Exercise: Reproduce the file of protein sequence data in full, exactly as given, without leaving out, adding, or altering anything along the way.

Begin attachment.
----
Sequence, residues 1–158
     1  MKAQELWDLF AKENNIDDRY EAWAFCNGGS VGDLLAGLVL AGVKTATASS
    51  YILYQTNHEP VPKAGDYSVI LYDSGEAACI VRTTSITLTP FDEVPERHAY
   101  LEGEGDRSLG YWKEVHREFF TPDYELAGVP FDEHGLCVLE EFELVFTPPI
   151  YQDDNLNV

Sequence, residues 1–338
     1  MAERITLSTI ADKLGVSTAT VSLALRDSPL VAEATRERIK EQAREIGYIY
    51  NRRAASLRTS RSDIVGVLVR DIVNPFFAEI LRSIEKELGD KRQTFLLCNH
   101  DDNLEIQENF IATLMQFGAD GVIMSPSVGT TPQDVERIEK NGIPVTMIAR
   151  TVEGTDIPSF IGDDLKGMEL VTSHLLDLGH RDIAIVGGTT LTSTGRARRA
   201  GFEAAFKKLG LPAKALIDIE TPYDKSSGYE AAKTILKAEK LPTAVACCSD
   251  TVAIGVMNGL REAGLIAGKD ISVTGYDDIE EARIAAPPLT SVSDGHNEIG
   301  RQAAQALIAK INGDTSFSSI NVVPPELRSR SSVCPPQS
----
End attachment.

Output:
Sequence, residues 1–158
     1  MKAQELWDLF AKENNIDDRY EAWAFCNGGS VGDLLAGLVL AGVKTATASS
    51  YILYQTNHEP VPKAGDYSVI LYDSGEAACI VRTTSITLTP FDEVPERHAY
   101  LEGEGDRSLG YWKEVHREFF TPDYELAGVP FDEHGLCVLE EFELVFTPPI
   151  YQDDNLNV

Sequence, residues 1–338
     1  MAERITLSTI ADKLGVSTAT VSLALRDSPL VAEATRERIK EQAREIGYIY
    51  NRRAASLRTS RSDIVGVLVR DIVNPFFAEI LRSIEKELGD KRQTFLLCNH
   101  DDNLEIQENF IATLMQFGAD GVIMSPSVGT TPQDVERIEK NGIPVTMIAR
   151  TVEGTDIPSF IGDDLKGMEL VTSHLLDLGH RDIAIVGGTT LTSTGRARRA
   201  GFEAAFKKLG LPAKALIDIE TPYDKSSGYE AAKTILKAEK LPTAVACCSD
   251  TVAIGVMNGL REAGLIAGKD ISVTGYDDIE EARIAAPPLT SVSDGHNEIG
   301  RQAAQALIAK INGDTSFSSI NVVPPELRSR SSVCPPQS